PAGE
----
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Hey, Newcastle: It matters whether or not you try

The Newcastle United players appear to have given up. Is there any chance they can rebound at all this season?

Richard Heathcote

I don't typically receive a lot of feedback on our articles via email, but occasionally I'll write something that will apparently set multiple people off. Earlier this week, I made the case that Newcastle's bad spring was everybody's fault, from owner to manager to players. I received 5 emails in response. Two basically said that I was too easy on Mike Ashley, and two more said the same thing about Alan Pardew. Another asked me to sign an "Ashley Out" petition (because he's totally going to sell if 10,000 people sign). The funny part about all of this is that I thought I was being too easy on the players - you know, the ones standing on the pitch during the games.

I do mean standing:


(Sorry for the framerate at the end. Blame that on my old computer. I tried recording this 6 times before giving up.)

That's both fullbacks jogging at walking pace on the way back toward goal while the play unfolded in front of them. Mike Williamson, as you can see for a split second, was too busy doing the linesman's job to focus on his own. Coloccini hustled back, but it was too late. Southampton caught the back line napping, and most of them didn't bother to wake up.

In a sense, it's a microcosm of Newcastle's second half. They can't realistically catch any of the teams in the European qualification places - so why bother trying?

So yes, I blame the players. I can't buy into arguments that rely on grown men having to be coddled by the manager in order to perform their job responsibilities to the fullest. I'm not 100% sure I know what the solution is - the only defender expected to leave this summer is also the only one in the GIF above not guilty of loafing. A new defender or two in the summer would be nice, but the front office is not going to replace everybody, and that doesn't really help now. Besides, there are problems all over the pitch.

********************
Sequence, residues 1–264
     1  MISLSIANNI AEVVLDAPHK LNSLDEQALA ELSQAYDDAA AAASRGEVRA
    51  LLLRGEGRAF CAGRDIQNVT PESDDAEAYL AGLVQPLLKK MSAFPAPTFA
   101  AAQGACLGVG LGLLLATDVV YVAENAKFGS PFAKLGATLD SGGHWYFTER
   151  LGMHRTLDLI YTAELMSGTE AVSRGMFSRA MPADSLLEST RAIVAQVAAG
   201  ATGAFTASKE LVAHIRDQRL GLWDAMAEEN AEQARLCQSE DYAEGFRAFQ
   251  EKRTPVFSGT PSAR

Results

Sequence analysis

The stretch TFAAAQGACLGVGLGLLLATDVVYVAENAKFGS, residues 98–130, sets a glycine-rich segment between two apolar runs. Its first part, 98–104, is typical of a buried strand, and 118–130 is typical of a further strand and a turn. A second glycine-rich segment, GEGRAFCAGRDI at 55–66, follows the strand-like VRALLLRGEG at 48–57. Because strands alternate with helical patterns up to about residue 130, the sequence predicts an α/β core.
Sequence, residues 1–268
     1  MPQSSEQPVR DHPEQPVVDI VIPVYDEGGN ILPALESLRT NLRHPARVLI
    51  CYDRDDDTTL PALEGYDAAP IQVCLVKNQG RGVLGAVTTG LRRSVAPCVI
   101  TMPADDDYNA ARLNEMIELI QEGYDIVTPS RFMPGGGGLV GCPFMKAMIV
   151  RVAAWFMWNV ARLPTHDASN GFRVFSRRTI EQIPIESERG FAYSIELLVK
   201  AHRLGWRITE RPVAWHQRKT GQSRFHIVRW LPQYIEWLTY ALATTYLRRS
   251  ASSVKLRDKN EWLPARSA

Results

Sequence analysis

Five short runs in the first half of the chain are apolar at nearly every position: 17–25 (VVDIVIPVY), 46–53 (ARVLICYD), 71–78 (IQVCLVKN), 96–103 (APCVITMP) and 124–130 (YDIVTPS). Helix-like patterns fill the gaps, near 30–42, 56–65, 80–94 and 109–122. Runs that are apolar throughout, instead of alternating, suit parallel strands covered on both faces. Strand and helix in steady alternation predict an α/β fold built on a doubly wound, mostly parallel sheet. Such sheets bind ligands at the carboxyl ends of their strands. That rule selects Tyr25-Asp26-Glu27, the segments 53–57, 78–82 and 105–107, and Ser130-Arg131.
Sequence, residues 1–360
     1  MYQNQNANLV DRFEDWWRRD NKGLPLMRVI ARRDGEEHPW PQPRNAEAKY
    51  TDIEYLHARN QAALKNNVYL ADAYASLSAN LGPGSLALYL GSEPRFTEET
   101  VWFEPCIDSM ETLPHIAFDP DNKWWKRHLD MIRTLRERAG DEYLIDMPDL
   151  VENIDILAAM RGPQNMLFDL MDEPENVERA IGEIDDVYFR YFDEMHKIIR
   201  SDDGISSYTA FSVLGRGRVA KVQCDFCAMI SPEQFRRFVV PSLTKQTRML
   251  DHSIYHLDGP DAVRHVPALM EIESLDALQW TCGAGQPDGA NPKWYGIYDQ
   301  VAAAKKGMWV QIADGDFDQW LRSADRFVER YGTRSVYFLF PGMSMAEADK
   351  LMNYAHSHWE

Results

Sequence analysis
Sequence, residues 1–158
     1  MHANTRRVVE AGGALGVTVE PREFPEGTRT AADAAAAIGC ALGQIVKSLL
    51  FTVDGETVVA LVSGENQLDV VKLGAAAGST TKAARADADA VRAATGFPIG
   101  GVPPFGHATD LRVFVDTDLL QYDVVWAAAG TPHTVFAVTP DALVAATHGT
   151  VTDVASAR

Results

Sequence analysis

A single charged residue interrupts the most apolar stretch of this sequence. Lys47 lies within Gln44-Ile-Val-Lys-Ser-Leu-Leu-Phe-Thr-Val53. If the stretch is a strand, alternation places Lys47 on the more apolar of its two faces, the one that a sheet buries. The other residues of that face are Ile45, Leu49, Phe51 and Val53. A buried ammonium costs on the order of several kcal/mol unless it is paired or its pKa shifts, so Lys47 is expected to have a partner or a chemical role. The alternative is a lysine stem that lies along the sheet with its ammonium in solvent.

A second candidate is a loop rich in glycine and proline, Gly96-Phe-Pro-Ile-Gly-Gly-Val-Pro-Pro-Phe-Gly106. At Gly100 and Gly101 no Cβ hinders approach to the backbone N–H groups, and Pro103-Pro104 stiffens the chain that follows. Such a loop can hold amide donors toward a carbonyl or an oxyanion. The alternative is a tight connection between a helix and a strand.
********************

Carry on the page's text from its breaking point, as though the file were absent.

The players that talk to the media say all the right things about putting in an effort and respecting the fans, but the evidence suggests that they don't, at least not all of the time. The more I think about this, the more responsibility I lay at the feet of the men wearing the black and white shirts. It's probably not very fun when the guy in charge of player acquisition mispronounces your name, and I doubt very much that the guys enjoyed taking questions about their manager headbutting a player on the pitch, but for 90 minutes every week, all of that disappears. For those moments, all of the off-field stuff disappears, or it should.

Just go play football. The match that was played last weekend was not football. There are six games left in the season. None of them will matter in terms of the table, but it would be nice if they mattered to the people playing them. Then they might just start to matter again to the people watching them.